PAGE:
When the member for Hamilton Mountain introduced a similar bill, she was responding to this letter from a constituent, which stated:
I have a relative who killed his wife, served very little time for manslaughter, and is (and has been) collecting CPP survivor benefits for over 10 years. Since 1-2 women per week die at the hands of their partners, how many more men are collecting this? How is this legal?
That is an excellent question, but, as we will see, as in many cases of this kind, the constituent was talking about manslaughter, not simply first or second degree murder, which is the sole ambit of the private member's bill before us today.
A few days ago, on CBC TV, in my part of the world, British Columbia, the following was said:
A North Delta woman, whose father killed her mother, wants the federal government to plug a loophole that allowed him to collect pension survivor benefits for 28 years until his death.
Susan Fetterkind's mother Vivienne was stabbed multiple times by her estranged husband.... [He] collected Canada Pension Plan benefits until he died last year.
She went on to say:
The government is enabling killers to profit from murdering their spouse. You're not supposed to be able to profit from murdering somebody.
That is so obviously true. Once again, the largest proportion of family-related homicides are spousal murders, and of those, a great number result in a plea bargain and a reduced conviction of manslaughter. Ms. Fetterkind is hoping that this Parliament, aware of this initiative before us today, will embrace not just first and degree murder, but also manslaughter, which I will talk about in a moment. Correcting this error and ending the ability of those convicted of murdering their spouses or parents to collect survivor or orphan benefits is obviously something that the official opposition will strongly support. That is, of course, why New Democrats introduced legislation long ago.
As my colleague from alluded to a moment ago, it is quite surprising that this initiative is taking the form of a private member's bill. I say that for two reasons. The Canada pension plan and old age security are the subjects of enormous debate right now in Canada. The need for income retirement security has never been greater, yet the government is not addressing that. All it has done on OAS is to increase the age of collection until 67, and refused to act in a comprehensive way on CPP. Therefore, it is surprising that this is not part of a comprehensive reform that is so desperately required in both of those contexts.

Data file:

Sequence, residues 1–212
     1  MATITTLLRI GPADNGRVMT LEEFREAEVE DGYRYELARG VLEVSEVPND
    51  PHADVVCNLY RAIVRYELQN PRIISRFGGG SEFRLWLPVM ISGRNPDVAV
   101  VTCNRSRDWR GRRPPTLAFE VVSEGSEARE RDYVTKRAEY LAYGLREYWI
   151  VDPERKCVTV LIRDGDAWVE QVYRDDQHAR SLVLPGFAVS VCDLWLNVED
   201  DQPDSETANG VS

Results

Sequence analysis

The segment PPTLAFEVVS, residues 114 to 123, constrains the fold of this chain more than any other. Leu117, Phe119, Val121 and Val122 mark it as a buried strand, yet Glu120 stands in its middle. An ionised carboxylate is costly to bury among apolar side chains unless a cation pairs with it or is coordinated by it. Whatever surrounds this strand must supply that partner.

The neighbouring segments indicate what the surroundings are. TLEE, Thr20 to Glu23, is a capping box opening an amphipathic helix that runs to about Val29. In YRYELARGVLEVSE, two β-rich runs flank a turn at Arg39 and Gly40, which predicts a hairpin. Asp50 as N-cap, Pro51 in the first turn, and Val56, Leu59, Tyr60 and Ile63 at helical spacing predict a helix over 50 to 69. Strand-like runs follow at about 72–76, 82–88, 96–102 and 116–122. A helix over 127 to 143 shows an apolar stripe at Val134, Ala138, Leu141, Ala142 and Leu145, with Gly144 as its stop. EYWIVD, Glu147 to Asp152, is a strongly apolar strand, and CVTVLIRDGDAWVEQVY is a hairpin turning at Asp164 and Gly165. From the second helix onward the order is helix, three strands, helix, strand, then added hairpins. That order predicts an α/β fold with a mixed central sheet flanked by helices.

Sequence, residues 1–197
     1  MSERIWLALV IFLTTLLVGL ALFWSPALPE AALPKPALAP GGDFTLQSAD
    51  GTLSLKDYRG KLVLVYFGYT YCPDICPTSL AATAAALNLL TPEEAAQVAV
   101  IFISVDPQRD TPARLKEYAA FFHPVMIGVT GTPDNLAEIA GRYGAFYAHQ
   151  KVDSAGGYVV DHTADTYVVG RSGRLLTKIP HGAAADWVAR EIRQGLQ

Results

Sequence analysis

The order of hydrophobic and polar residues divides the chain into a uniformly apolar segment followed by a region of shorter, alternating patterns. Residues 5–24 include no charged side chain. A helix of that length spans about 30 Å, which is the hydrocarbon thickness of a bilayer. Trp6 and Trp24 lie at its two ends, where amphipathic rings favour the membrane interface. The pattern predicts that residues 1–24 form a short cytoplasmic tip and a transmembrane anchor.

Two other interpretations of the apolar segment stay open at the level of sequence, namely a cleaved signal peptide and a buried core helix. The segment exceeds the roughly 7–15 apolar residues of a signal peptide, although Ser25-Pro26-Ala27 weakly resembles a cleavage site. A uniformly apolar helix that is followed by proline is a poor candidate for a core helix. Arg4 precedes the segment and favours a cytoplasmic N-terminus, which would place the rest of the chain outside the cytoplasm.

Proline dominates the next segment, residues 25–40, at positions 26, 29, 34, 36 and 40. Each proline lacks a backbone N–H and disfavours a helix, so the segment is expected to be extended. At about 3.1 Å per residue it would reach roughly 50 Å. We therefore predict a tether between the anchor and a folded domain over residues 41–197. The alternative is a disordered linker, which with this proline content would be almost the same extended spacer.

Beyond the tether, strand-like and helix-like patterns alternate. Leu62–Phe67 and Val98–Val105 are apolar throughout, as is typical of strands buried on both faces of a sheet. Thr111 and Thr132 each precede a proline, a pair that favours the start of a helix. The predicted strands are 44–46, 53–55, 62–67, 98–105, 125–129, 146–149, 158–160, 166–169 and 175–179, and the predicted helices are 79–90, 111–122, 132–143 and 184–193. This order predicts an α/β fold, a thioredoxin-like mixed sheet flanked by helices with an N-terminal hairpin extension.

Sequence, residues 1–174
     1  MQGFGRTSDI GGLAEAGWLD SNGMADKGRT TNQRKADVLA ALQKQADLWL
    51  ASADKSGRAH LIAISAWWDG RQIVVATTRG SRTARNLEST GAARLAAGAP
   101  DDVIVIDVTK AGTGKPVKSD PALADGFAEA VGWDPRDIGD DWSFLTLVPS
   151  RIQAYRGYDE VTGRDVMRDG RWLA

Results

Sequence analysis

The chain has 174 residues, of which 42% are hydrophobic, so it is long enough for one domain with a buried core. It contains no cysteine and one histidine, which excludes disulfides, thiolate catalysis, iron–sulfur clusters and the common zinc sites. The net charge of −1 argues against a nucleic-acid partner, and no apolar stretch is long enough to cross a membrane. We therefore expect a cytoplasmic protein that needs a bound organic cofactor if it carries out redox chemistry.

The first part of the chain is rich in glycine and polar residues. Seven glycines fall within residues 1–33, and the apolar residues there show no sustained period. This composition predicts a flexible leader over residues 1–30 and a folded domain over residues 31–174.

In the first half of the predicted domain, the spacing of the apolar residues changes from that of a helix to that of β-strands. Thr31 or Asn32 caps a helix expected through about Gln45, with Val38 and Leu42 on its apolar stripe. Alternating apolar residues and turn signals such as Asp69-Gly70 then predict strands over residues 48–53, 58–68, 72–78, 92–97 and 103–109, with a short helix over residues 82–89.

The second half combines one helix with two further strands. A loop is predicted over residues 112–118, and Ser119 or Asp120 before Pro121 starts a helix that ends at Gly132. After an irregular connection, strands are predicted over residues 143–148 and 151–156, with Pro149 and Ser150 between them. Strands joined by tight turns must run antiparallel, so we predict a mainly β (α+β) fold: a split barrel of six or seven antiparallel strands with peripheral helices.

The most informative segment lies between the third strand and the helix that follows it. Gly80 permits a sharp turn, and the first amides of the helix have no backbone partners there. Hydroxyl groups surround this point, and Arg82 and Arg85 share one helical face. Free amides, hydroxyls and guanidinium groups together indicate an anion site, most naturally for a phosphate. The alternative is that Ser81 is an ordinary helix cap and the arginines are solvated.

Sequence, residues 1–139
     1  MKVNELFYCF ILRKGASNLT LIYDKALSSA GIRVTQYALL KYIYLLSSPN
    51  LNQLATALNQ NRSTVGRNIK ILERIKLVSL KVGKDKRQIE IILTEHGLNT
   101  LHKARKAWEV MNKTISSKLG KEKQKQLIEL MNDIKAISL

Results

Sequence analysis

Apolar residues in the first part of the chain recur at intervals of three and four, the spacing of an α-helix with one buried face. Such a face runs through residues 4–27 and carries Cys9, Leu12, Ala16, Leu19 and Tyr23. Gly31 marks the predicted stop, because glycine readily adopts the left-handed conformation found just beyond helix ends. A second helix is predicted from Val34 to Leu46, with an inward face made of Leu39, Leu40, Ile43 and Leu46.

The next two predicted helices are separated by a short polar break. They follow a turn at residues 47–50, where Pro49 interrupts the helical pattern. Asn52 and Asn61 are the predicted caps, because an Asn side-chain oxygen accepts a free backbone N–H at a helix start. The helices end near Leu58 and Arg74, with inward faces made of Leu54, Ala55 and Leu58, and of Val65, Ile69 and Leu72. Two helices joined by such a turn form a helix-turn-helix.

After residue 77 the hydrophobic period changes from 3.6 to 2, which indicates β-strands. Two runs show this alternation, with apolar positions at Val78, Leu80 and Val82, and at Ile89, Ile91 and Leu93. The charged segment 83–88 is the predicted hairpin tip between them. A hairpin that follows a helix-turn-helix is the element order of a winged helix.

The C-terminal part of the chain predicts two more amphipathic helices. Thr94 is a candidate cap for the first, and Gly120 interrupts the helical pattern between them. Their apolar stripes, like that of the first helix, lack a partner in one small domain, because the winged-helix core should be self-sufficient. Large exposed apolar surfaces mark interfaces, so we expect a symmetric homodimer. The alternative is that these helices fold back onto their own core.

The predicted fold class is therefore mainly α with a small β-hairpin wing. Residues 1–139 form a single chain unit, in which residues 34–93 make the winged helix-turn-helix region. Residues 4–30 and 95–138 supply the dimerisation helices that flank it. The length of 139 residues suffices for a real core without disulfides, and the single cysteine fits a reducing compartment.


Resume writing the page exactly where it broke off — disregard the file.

However, equally surprising is that this is a private member's bill. The government routinely introduces—I do not know how many times now—omnibus budget bills, what we call “everything but the kitchen sink legislation”, of which this could readily be a part, yet it is now in the form of a private member's bill. Having said all of that, I do not want the form to triumph over the substance. The substance is critical and long overdue, although it is rather strange that it is taking the form of a private member's bill.
In June 2011, the member of Parliament for reintroduced Bill . It would have amended the Canada pension plan to prohibit the payment of survivors pension, orphans benefits, or death benefits to a survivor, child, or orphan of a deceased contributor if the survivor, child, or orphan had been convicted of the murder or manslaughter of the deceased contributor. That bill quite categorically embraced the category of manslaughter, unlike the bill before us today.
As my colleague from pointed out, many would assume that the long-established principle in law would be that no one should be able to benefit from a crime and that this principle would also be enshrined in the eligibility criteria for government benefit programs, but that was not the case for CPP benefits and old age security benefits. This loophole is obvious and needs to be closed, and that is why the legislation was introduced before.
In response to what my colleague said about manslaughter, while I appreciate that he wants to keep the bill clear and easy to put into legislation, I would urge him to consider including manslaughter in the bill when it goes to committee, for a couple of important reasons.
I do not believe there is any reason a court could not, as part of the sentencing on manslaughter, take a look at the circumstances. Among the things the judge could look at is whether, in his or her judgment, CPP and OAS benefits ought to be denied to the survivor, the person who committed the murder or manslaughter, when convicted. It could readily be part of a court order. There would be no privacy concerns whatsoever, as the statement would be made in open court.
I confess I do not have statistics for it, except the experience of all criminal lawyers as they plead their client down from murder to manslaughter, but if I am right that it will be a larger category, it seems ridiculous that we would not include those convicted of manslaughter within the ambit of this legislation. In other words, to put it baldly, if a person is convicted of murder, they cannot collect these benefits, but if they manage to get plea-bargained down to manslaughter, that is just fine.
I do not believe Canadians would accept that. I do not believe the two people whose direct experience I cited earlier would accept it, because in both cases their father was convicted not of murder but of manslaughter. We are not doing the right thing by Canadians if we limit ourselves to that. Most crimes of passion would be manslaughter, not premeditated murder, so it seems to me that we are missing the boat in a massive way if we do not close that loophole as well.